Close this search box.

Leadership video series: Robin Kiziak, VF Corporation | Part 1

In our new series of finance leadership interviews, we recently sat down with Robin Kiziak, Financial Controller at VF Corporation. 

In part one, Robin shares his 20-year finance career journey; primarily within logistics and distribution, with his advice on:

  • The unique appeals of finance in the fashion industry
  • Challenges of the industry and how to combat them
  • How leadership skills contribute to team culture.

Tune in to part two of our interview here.

"I’m Robin Kiziak and I’ve worked at VF Corporation since August 2021."

It’s been an experience because it was a start-up when I joined. So it’s very different now to what it was at the beginning; a lot more people, a lot more activity.

In terms of finance, as a team, I am finance on the site. So it’s just me, but we have a finance team centrally within Europe, and so I report through to them as well.

In terms, I guess, of my career to date…so, the last 20 years or so, I’ve been working in finance within logistics and distribution.

I used to work for DHL Supply Chain, across various different contracts; Homebase, Procter & Gamble, etc.. Primark was a big one. Then I worked at Wickes for some time. Then I worked at Hotel Chocolat before finally coming here. And it’s really good here, so yeah, I am pleased to be here!

So for me, I guess the fashion industry is interesting just because of the brands. Obviously, I’m a fashion icon myself… so, coming in and working with the big brands like The North Face, Timberland, Vans, you know, was a real pull for me.

And the other side of it was getting involved from a commercial point of view as well. I’ve spent a lot of time in distribution and logistics, but I get to see some of the commercial reasons behind what happens within the brands as well, which is good to see.

I guess, from [VF Corp] being a start-up when I joined, that was the other pull – it was something different, it was getting involved from the beginning, setting up processes, using my experience from other places to work in this industry as well.

I guess from a finance point of view, I’m very much in the middle of everything. So we get to see what the operation are doing, what HR and the training team are doing, what the commercial teams are doing… and I sort of put all that together to try and benefit the site here.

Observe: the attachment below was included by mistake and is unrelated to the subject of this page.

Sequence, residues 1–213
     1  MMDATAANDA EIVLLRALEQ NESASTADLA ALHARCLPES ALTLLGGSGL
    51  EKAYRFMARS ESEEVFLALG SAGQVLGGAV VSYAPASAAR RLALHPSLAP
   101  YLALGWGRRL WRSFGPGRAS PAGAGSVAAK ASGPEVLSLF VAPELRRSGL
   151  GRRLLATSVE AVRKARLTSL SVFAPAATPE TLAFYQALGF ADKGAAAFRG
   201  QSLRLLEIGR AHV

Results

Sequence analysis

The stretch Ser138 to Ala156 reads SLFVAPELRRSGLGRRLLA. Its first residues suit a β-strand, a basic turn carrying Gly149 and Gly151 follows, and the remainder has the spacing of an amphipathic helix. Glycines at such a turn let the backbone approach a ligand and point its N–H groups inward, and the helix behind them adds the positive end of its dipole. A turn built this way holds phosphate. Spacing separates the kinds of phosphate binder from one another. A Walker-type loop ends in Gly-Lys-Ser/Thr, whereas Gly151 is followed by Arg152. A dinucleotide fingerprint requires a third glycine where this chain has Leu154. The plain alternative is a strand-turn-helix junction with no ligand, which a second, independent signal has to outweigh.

Wherever I work, it’s different-sized boxes, you know. When I worked in Wickes, it was kitchen and bathroom, so, in a big box… down to Hotel Chocolat when you’ve got the small boxes of chocolates… and here, you’ve got boxes with your nuptse jackets in or Timberland boots, whatever it may be.

So, it’s the same sort of thing but a box is a different size.

Obviously, as a world, we’re sort of moving towards that sustainability issue and we’re all having to approach that in a different way.

In fashion in particular, you know, we’re moving from that linear sort of… we produce something, it gets thrown away – that waste economy, to a more circular economy. What can we, as I’m told in the olden days, repair, reuse, recycle… how can we implement that now?

And I think that’s very much one of the big challenges, it has cost implications of course, as well. I guess from the back of that, it’s all about returns and how we deal with returns into the business… I guess, firstly, it’s to minimize returns as much as possible, by putting better sizing guides etc. on the websites.

But apart from that, it’s then also how do we then deal with those returns once they come back? Can we put them back into stock? Can we sell them as second quality? etc., etc..

So, I guess they’re the two big challenges at the moment that we’re facing; it’s that sustainability question and then returns on the back of it.

So that’s, leadership is a big subject. I guess from my experience, I think firstly as a leader, you need to be a good role model.

So that sort of culture, and everything else, comes from the top. If you’re not doing what you’re asking of other people to do, you fall down straight away.

I think if you are that good role model, you know, you’re honest, you’ve got that integrity, you do things for the right reason because it’s the right thing to do, I think that really helps and instills that team bonding, if you like.

And then I guess, on the back of that, sort of celebrating success… we’re not very good at doing it in finance. But, you know, if we hit a milestone or hit a key achievement, I think it’s always important to recognise that.

It doesn’t need to be a big thing, it doesn’t need to be a “we’re going to go out for dinner” or whatever… it could be that it’s a carefully worded email, which is, you know, recognising that hard work has gone into it. We’ve achieved what we meant to achieve. “Good job, team.”

And then I guess, also being accessible. So… not sitting in your office with the door shut, but also being available to your team so that if they’ve got problems, you’re open to them coming to speak to you. Rather than hiding away.

I think that really helps. Yeah, I think that sort of… those sort of three things underpin what a good team and what leaders can do to embrace that team mentality.

Join us for part two of Robin’s interview, where we discuss advice for stakeholder management, soft skills vs AI, and how to combat misconceptions of finance. 


You may also like

Tackling retail turnover: HR strategies for attracting and retaining talent

The rise of recommerce: circular and sustainable retail

Leadership video series: Mark Gilbert, Mondottica | Part 2

Is livestream shopping the future of UK retail?

Leadership video series: Mark Gilbert, Mondottica | Part 1

What is chronoworking? The new work productivity hack